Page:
THE BLOG

The Museum of Educational History

02/11/2015 12:50 pm ET | Updated Apr 13, 2015

The National Museum of Educational History located in Albany, New York has been a hotbed of public attention since its opening in January of 2035. Both current and former educators have perused the hallways and rooms where educational memorabilia draws spirited and often heated debate or discussion. The old timers still can't believe that they used to allow themselves to be pushed around like that back in the years of 2000-2020. The youngsters, the educators of today, can only smile and listen as they hear tales of days gone by. And each of these present-day teachers of 2035 are thinking the same thing: Thank God I didn't have to teach back then!

The exhibits were seemingly endless. There was a room dedicated to Cooperative Learning, another illustrating the now forgotten value of the Rubric and the Compact for Learning. Each exhibit represented a relic of what once was considered education. Each was an idea or a new and supposedly better way to reach the children of that era, and each was now long discarded and tossed upon the heap of educational failures. Many of the old timers experienced a very real sense of regret as they remembered how their effort to teach was stymied and misdirected by state or federal government control. In college they were taught that all children were unique. They were equipped with means and tools to reach students and to help guide them towards each child's personal destiny. For some that meant college while for others they were confidently prepared for the workforce right out of high school. The old timers' college professors equipped them well. Only at that time, little did anyone know how the state and federal government would interfere with all that they had been taught and mandate practices which undermined everything they learned in college. Even years later, it was still sad.

The most popular room in the museum was of course the one designated as the Common Core. The teachers of today could hardly believe that such an idea ever really existed in a free country like the United States. It had been the Founding Fathers' plan to maintain a state-controlled government where the federal leadership would be restricted by any efforts to exert their power over the whole. The introduction of the Common Core back in the day was a blatant attack against the Constitution which assured that states' rights would always overrule those of the larger government control. Oh, there was really nothing so wrong about having a common curriculum or preparing our young people for the next educational level. Few argued that point. The problem were the tests themselves.

Inside glass viewing boxes visitors to the museum could see the tests which once set our great country on the path to a revolution which still reverberates today. The old timers remember. Parents had had enough. It was during the fall of 2019 that a grassroots group called the Parents of Reason started a mass movement suggesting that parents throughout the country keep their children home on the days of the state exams. The governor of New York ordered the National Guard to enter into the homes of these protesting parents and have their children forcibly removed from their homes and escorted to schools where they could sit the tests. There was no bloodshed but the debate over the government's role in public education was certainly challenged. People had had enough of leadership dictating policy in an area with which they possessed little to no true knowledge. Lawsuits stressed the court system and it wasn't until 2025 that an anonymous state official admitted that the purpose of the state exams was a cleverly disguised attempt to undermine a teacher's right to tenure.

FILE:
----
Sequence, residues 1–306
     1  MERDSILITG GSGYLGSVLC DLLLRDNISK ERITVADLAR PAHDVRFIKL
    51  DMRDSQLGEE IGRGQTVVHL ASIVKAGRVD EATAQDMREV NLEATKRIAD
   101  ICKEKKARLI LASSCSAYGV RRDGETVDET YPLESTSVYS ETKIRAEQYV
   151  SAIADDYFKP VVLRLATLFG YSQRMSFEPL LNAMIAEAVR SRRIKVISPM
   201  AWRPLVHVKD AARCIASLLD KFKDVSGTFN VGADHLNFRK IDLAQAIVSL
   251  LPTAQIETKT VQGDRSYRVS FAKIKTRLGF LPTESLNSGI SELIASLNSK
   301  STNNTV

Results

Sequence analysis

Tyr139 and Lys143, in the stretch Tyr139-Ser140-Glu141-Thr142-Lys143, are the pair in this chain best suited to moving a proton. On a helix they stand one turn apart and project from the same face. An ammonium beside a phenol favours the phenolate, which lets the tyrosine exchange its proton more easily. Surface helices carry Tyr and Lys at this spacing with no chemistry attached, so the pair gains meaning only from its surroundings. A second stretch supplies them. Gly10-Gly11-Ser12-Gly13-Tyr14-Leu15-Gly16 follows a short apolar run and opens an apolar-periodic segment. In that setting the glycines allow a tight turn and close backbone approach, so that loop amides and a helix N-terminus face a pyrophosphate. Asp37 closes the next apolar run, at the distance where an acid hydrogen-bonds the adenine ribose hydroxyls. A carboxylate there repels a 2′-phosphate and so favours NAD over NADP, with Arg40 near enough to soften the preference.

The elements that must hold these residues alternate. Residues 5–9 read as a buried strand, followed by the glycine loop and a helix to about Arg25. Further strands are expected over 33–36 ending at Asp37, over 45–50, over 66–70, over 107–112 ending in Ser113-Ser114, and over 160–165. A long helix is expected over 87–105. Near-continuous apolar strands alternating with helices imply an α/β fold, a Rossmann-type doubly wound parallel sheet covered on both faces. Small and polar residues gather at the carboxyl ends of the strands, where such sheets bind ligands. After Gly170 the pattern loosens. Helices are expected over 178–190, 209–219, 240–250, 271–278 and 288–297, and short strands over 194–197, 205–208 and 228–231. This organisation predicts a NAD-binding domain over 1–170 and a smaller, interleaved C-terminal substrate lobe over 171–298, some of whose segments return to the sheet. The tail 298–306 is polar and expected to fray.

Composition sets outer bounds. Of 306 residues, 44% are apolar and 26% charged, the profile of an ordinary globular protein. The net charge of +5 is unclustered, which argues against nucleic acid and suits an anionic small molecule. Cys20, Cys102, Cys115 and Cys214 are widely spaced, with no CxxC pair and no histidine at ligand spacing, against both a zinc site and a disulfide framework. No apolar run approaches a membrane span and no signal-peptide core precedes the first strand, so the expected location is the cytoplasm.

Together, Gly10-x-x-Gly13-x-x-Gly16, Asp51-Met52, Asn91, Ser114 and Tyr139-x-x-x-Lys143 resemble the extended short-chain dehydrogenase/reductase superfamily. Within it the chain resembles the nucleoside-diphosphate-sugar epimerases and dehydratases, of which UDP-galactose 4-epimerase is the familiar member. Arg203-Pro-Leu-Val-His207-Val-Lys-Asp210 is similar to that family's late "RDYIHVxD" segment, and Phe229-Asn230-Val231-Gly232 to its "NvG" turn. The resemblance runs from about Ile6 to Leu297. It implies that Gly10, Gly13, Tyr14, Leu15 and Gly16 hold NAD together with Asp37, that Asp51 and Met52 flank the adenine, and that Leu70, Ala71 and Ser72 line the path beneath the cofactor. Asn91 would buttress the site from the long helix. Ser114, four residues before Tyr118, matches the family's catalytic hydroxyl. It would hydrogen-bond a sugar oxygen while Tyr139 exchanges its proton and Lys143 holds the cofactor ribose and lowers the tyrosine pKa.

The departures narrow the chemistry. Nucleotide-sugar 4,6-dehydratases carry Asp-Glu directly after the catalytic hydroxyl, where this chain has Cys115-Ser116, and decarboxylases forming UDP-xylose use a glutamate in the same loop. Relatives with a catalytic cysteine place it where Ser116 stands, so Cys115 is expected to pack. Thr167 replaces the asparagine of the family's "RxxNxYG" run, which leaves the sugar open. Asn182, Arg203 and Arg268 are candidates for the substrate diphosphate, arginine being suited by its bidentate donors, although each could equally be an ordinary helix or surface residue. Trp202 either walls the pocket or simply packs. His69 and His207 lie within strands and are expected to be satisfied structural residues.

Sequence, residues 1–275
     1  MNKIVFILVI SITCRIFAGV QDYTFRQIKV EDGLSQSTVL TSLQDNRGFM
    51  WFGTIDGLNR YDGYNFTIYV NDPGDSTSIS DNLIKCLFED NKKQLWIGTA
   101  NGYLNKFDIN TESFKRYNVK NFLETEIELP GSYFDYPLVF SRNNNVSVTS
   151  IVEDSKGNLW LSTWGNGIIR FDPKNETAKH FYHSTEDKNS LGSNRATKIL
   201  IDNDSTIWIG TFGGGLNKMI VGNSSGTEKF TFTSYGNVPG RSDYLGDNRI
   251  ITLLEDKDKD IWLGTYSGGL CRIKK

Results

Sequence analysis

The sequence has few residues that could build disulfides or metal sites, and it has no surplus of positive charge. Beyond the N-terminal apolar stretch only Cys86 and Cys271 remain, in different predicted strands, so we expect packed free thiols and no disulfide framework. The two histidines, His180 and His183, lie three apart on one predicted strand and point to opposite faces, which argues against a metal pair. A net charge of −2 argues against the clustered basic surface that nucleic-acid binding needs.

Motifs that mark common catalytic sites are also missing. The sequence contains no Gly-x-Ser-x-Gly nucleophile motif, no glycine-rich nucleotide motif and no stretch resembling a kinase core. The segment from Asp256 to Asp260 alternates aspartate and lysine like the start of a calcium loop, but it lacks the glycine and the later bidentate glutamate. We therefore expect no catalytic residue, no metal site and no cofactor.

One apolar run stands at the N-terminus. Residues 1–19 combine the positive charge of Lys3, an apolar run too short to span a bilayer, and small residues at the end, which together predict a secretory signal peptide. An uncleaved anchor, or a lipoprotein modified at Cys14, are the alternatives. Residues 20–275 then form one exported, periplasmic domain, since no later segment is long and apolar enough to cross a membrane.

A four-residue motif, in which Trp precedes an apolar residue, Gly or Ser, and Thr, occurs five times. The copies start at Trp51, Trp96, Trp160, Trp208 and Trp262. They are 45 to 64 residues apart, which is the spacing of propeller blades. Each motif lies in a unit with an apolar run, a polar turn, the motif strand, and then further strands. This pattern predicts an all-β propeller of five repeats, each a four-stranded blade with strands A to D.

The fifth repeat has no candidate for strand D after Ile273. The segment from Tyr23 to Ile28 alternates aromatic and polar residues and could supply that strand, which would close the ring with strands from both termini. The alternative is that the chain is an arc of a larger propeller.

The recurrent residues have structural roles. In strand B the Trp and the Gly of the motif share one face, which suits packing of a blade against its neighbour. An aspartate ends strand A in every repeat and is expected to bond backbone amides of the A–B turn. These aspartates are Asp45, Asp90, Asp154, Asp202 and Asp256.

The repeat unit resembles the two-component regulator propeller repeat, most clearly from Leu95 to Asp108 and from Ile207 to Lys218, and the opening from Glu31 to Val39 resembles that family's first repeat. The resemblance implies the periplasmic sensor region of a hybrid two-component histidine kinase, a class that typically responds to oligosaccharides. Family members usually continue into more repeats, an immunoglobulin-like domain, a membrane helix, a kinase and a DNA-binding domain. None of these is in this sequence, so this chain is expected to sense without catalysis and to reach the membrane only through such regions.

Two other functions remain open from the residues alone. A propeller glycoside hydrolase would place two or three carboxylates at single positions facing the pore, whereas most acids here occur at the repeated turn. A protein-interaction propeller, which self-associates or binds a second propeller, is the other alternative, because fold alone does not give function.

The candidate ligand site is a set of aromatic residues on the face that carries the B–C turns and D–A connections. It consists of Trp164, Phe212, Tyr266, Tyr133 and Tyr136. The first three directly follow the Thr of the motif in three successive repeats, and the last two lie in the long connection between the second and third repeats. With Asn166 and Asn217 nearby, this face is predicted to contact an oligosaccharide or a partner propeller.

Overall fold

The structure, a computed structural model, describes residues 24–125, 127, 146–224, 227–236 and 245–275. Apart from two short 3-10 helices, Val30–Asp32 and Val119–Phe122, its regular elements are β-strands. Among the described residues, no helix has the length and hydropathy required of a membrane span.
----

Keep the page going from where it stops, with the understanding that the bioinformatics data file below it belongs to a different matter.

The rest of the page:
The present-day teachers of 2035 could only point at the tests and giggle over how far from reason this great country's educational system had once become. The old timers, the men and women who taught during these stressful and difficult times, found no humor in what they considered white collar crime. The crime? Their creative abilities as artists in the field of instructing young people had been stolen from them. Their unique talents were replaced by mandates, edicts, scripted lesson plans and a curriculum which stressed one thing and one thing only: These kids had better pass our tests or else!

As men and women left the museum, their collective thoughts were polarized. The young teachers were puzzled. How could such a thing have happened? What in the world was the Teachers' Union doing in those days? How did our federal government assume such power to override states' rights? Did people actually once believe that a single test should be used to evaluate a teacher, or judge an entire school district, or control a nation?

The old timers were not puzzled. They remembered. The memory of being labeled as an ineffective teacher still stung their pride so many years later. They remembered a governor, a man who had no clue of what it took to be a public school teacher back then, a man who declared war on their union by implementing a teacher evaluation system which was cruelly unjust and which ultimately earned itself the label of ineffective. Okay, so they had won the war. The days of teaching to the tests and ambiguous state exams were now a thing of the past. Public education had made its spectacular return to being about the kids, reaching and teaching youth and allowing teachers to utilize their creative and unique talents to influence the lives of today's youth.

The teachers had won. But they still remembered.